Oct 7, 2010
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M&S pins hopes on older shoppers in tougher times

Oct 7, 2010

LONDON, Oct 7 (Reuters) - Bellwether British retailer Marks & Spencer (MKS.L) said it is hoping its older customer base will see it through the gathering storm of public sector cuts and tax rises as it beat forecasts for second-quarter sales.

Twiggy, Ex-CEO Stuart Rose and Erin O'Connor opened Marks & Spencers at the Westfield London Shopping Centre in October 2008. Photo : Corbis

"Our customers are a bit older and what we see clearly from our market data is that older customers are concerned about cuts but better prepared than younger customers," Chief Executive Marc Bolland told reporters on Thursday.

Echoing comments this week from Tesco (TSCO.L) and J Sainsbury (SBRY.L), Britain's No. 1 and No. 3 grocers respectively, Bolland said he did not expect government spending cuts, to be unveiled on Oct. 20, to tip the economy back into recession.

"No, we don't expect a double dip. Yes we expect customers to have a more difficult trading environment but we expect to be well positioned," he said.

Britain's biggest clothing retailer, which also sells upmarket foods and homewares, said underlying sales increased 5.3 percent in the 13 weeks to Oct. 2, its fiscal second quarter.

That was the fourth consecutive quarterly rise, up from 3.6 percent in the first quarter and against analysts' average forecast of 3.2 percent in a company poll.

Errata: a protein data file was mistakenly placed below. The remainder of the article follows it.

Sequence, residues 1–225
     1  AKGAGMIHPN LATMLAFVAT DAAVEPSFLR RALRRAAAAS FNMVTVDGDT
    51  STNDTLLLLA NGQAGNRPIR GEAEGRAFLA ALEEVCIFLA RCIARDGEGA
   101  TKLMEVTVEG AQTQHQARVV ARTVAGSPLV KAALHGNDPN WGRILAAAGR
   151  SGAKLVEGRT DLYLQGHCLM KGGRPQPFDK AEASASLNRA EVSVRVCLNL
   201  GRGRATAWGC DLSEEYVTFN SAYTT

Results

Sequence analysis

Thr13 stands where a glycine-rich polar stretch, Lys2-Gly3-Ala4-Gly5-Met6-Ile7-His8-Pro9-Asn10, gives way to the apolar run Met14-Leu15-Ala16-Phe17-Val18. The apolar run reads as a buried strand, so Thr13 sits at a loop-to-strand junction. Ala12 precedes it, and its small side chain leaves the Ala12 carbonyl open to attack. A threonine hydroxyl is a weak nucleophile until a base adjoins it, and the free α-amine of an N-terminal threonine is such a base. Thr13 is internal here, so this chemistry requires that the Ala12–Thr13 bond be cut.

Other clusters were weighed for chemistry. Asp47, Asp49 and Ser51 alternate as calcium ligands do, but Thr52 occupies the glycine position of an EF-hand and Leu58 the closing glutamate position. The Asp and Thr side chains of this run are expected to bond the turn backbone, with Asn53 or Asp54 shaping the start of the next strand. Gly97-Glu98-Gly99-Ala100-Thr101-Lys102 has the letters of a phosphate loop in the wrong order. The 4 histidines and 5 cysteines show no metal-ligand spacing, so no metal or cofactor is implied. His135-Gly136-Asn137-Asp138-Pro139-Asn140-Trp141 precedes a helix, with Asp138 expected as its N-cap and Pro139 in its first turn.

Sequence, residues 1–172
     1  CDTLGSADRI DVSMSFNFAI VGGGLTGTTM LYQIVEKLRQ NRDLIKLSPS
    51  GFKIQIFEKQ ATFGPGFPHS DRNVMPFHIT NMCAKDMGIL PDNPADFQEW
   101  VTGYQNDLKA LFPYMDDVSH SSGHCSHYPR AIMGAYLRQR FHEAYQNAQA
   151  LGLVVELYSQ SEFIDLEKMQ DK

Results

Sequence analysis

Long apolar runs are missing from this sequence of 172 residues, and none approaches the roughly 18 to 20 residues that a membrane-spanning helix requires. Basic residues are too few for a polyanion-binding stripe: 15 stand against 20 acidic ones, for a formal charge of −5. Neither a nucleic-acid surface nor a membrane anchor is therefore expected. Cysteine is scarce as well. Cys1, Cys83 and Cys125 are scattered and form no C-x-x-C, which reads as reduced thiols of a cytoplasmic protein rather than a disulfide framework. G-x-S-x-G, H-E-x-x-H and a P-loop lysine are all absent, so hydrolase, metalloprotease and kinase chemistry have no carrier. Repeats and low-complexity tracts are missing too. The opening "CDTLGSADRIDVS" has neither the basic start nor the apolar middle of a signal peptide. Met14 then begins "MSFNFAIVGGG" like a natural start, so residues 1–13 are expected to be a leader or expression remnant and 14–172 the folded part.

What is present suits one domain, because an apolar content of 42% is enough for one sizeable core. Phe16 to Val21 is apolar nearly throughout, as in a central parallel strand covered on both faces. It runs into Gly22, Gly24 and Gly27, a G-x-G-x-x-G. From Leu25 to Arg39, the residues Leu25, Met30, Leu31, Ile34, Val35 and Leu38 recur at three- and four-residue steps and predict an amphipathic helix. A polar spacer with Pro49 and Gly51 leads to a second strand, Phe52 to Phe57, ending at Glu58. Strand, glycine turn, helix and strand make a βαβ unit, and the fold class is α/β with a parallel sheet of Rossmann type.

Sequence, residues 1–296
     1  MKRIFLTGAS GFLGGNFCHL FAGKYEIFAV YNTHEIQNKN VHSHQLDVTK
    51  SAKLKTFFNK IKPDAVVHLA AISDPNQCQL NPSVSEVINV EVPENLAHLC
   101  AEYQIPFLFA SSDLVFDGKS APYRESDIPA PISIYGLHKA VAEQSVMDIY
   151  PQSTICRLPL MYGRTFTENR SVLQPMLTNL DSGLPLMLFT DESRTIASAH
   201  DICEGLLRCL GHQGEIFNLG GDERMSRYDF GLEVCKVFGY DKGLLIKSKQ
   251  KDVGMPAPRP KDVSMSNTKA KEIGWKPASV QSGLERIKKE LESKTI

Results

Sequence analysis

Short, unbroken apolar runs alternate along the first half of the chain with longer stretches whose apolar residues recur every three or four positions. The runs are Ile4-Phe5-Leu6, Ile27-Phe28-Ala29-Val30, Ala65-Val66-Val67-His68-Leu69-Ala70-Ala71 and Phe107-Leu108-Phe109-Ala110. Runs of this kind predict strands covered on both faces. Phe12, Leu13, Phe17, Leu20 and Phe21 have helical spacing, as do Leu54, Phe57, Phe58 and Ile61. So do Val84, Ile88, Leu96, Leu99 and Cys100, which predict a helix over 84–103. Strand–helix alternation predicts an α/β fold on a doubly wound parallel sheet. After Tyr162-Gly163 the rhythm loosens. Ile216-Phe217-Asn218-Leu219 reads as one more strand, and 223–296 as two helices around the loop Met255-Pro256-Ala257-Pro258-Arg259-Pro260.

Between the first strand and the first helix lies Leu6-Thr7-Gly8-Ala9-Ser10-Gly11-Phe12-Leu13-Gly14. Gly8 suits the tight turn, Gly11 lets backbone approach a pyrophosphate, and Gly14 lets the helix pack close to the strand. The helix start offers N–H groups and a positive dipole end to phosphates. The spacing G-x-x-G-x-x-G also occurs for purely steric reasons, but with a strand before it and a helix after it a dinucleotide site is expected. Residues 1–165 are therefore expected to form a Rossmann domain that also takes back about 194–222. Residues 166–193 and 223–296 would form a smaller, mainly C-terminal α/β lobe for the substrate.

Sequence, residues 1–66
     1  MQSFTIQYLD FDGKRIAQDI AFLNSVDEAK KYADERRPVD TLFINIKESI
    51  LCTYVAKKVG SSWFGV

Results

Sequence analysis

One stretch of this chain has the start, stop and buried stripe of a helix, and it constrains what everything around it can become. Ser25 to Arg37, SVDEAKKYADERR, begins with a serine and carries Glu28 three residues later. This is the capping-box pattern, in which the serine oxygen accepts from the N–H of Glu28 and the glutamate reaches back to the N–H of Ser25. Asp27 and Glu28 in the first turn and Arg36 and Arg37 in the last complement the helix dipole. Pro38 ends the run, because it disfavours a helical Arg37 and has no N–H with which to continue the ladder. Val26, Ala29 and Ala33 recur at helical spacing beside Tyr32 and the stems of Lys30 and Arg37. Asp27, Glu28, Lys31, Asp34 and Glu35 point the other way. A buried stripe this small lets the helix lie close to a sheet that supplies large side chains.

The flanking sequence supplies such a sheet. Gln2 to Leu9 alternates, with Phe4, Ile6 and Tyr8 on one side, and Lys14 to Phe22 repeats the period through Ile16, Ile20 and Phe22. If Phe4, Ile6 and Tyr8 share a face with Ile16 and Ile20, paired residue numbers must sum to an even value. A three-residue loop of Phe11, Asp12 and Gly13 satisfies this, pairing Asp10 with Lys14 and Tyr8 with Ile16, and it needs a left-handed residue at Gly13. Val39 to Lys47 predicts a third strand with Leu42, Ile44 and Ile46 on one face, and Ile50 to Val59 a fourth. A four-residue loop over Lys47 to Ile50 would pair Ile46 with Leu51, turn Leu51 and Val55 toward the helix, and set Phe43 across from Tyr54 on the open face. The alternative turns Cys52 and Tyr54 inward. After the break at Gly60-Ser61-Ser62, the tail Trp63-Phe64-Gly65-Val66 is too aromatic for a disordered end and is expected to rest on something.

But despite topping forecasts M&S, which serves 21 million Britons a week from over 650 stores and has about 300 shops abroad, said its full-year financial expectations were unchanged as the better trading was offset by rising operating costs.

The firm said these would be towards the top end of its forecast range of up 4 to 5 percent because of a step-up in marketing activity and higher sales volumes.

"We are facing increased commodity prices and significantly tougher comparatives in the second half. As a result we remain cautious about the outlook for the remainder of this year and next," it said.

Shares in M&S, which have lagged the STOXX 600 European retail index .SXRP by 13 percent this year, were flat at 390.9 pence at 0841 GMT, valuing the firm at about 6.14 billion pounds.

Citi analysts said M&S shares already trade at a premium to rivals, and saw no change to analysts' full-year consensus profit forecast, which stands around 702 million pounds ($1.1 billion), according to Thomson Reuters I/B/E/S.

British bicycles to car parts retailer Halfords (HFD.L) on Thursday posted a 6.3 percent drop in second-quarter underlying sales, although Sainsbury (SBRY.L) said on Wednesday it thought austerity measures were already embedded into shopping habits.

M&S said its growth was driven by a 70-basis-point increase in market share in clothing, helped by new products such as the "2 sizes bigger" bra and "Miracle" crease resistant linen.

Food market share also rose 10 basis points, while online sales surged 49 percent.

Like-for-like British general merchandise sales, which include clothing and homewares, jumped 7 percent, while food sales rose 3.7 percent on the same basis.

Group sales were up 6.5 percent, including a 6.2 percent increase from international stores.

Bolland, who joined in May from grocer Wm Morrison (MRW.L), will outline his thoughts on future strategy alongside interim results in November.

He gave no hints on this beyond stating his plan was for "evolution not revolution".

(Editing by David Cowell, Mike Nesbit) ($1=0.6354 pounds)

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